Roberts Field was located west of Downtown Birmingham and north of Dixie Field in the present Thomas neighborhood. The 90-acre site was bounded by Village Creek and the Frisco Railroad to the north and by 13th Street Ensley to the south. Its 3,200 foot main runway area ran southwest-northeast across the property. Its hanger buildings were located on the southeast corner, near present-day Roberts Industrial Drive and the right-of-way for I-20/59.
The site was donated to the newly-formed 135th Observation Squadron of the Alabama National Guard by a local steel company. The squadron, under the direction of James Meissner, did the work of developing the airfield with salvaged and donated materials. By the end of July the unit was operating a fleet of seven Curtiss JN-4D "Jenny" airplanes, housed in metal hangar buildings.
The field was dedicated on June 5, 1922 in honor of Birmingham's Arthur Meredyth Roberts who was killed in action while flying over France in World War I. In 1923 the 135th was redesignated as the 114th Observation Squadron, still based at Roberts Field. The Navy Zeppelin ZR-1 "Shenandoah" made a visit to Roberts Field in 1924. On May 24-25 of that year the field hosted the, "biggest United States air meet ever staged in the Southern States," featuring a 100-mile speed derby divided into two heats and a "pageant" of 30+ airplanes buzzing over the city in formation.
On October 5, 1927 trans-Atlantic aviator Charles Lindbergh brought his "Spirit of St Louis" to Roberts Field for a two-day stop on a 22,000-mile promotional tour sponsored by the Daniel Guggenheim Fund for the Promotion of Aeronautics. He left again on October 7, bound for Jackson, Mississippi.
The city's first commercial passenger air service was operated from Roberts Field beginning on May 2, 1928. St Tammany & Gulf Coast Airways included a stop there on its CAM-23 New Orleans-Atlanta air mail route. Delta Air Service began using the field in late 1929 for their 6-seat Travel Air service from Dallas to Birmingham. American Airways was unable to land their Ford Tri-Motor planes there. That fact, joined with the enthusiastic speech given by Lindbergh two years earlier, prompted the city to begin construction of its new Municipal Airport, opening in 1931.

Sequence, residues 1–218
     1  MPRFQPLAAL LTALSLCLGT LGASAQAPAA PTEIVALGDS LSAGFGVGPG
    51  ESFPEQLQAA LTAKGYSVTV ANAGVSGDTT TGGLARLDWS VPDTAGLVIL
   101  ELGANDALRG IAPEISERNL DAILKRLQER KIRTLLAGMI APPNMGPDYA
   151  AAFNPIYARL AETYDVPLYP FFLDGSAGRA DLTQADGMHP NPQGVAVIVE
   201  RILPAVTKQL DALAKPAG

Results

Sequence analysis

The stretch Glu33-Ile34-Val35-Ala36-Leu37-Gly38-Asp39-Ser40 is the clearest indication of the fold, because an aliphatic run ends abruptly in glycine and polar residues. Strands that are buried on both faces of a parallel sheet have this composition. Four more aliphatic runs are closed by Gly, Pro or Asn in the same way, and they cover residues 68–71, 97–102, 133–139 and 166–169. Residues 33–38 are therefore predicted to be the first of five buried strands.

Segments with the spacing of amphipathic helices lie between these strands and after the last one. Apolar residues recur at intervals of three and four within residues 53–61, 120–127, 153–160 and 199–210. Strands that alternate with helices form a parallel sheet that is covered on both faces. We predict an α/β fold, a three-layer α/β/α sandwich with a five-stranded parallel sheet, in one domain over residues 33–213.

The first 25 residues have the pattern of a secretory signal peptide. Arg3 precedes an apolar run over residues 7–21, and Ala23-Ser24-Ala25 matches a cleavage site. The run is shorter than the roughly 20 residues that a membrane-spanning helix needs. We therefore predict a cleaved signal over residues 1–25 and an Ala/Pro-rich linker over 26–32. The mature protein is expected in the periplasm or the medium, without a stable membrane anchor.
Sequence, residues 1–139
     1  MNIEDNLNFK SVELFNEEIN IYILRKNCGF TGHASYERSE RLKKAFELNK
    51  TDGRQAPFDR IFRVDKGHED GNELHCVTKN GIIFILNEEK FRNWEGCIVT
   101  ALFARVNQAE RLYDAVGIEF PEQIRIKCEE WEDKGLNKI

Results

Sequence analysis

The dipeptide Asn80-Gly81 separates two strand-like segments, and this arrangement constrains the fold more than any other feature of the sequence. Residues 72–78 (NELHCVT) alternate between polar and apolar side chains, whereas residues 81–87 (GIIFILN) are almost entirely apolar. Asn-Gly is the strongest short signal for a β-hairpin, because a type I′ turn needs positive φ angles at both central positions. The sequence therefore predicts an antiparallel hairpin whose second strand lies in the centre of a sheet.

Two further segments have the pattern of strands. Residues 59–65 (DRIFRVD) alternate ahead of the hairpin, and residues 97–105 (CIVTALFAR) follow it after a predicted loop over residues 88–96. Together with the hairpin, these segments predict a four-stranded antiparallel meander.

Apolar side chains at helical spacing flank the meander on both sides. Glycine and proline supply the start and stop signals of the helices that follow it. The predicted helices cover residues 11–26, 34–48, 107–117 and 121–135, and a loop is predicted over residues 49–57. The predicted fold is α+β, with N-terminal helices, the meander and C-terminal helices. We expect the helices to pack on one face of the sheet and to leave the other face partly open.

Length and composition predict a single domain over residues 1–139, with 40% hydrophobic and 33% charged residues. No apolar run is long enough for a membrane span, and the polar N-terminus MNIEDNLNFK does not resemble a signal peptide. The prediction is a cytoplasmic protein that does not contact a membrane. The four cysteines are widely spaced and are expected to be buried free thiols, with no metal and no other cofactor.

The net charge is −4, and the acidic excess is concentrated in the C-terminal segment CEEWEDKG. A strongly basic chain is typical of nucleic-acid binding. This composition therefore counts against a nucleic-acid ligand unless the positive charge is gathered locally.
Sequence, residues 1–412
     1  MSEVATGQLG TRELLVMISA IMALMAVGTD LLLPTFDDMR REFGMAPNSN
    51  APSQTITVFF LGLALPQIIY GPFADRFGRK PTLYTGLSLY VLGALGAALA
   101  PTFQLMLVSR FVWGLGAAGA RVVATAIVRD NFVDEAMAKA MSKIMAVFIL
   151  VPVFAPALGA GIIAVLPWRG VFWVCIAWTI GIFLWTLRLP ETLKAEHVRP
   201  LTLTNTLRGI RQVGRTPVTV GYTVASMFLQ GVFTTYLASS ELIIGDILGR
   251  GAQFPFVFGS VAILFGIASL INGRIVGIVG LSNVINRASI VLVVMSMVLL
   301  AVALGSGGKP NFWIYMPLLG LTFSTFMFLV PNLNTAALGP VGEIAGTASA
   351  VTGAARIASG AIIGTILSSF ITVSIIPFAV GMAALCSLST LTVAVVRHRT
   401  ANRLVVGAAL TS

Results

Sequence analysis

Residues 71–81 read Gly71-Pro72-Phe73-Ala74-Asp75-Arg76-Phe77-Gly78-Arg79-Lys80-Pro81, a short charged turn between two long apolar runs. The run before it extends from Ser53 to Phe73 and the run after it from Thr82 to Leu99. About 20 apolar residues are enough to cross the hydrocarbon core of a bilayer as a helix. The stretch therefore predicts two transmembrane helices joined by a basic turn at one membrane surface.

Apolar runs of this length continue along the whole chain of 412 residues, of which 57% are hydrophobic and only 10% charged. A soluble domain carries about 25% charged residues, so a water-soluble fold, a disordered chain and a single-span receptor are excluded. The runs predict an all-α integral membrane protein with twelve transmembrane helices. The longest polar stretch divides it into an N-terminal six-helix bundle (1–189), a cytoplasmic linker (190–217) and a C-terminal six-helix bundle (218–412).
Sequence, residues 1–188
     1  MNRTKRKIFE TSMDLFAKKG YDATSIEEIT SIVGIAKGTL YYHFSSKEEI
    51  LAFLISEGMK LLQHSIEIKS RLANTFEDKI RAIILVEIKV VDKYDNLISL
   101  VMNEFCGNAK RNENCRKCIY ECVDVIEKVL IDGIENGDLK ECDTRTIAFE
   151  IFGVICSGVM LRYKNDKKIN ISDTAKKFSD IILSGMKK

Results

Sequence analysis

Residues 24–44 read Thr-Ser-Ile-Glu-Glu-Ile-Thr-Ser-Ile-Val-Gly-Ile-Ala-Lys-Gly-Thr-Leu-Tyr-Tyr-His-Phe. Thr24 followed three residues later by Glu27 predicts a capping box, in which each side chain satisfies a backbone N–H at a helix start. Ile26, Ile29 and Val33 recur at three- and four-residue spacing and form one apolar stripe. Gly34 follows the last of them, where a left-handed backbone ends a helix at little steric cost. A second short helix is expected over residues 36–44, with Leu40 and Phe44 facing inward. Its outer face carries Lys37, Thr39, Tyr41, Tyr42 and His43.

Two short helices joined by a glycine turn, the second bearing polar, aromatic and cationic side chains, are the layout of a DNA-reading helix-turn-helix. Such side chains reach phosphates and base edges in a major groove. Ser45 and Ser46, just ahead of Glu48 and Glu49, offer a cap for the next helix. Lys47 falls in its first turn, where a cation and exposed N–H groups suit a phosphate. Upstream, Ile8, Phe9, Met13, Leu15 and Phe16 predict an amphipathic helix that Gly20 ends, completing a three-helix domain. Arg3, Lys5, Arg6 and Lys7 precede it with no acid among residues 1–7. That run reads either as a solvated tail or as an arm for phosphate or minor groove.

Roberts Field remained open for at least a decade or two more. Glenn Vocational School was built on part of the former airfield in 1952. The remaining land was not redeveloped for industrial uses until the 1960s. The site is currently operated by Consolidated Pipe and Supply as a pipe-coating shop.
- Newton, Wesley Phillips (April 1973) "Lindbergh Comes to Birmingham". Alabama Review. No. 26, pp. 105-121
- Dodd, Don & Amy Bartlett-Dodd (1999) History of Deep South Aviation. Images of America Series. Charleston, South Carolina: Arcadia Press ISBN 0738502464
- Skaarup, Harold A. (2002) Alabama Warbird Survivors 2003. iUniverse. ISBN 0595256015
- Trimble, William (June 27, 2013) "Airports in Alabama" Encyclopedia of Alabama - accessed January 17, 2014
- "Roberts Field, Birmingham, AL" at Paul Freeman's Abandoned & Little-Known Airfields website - accessed March 25, 2014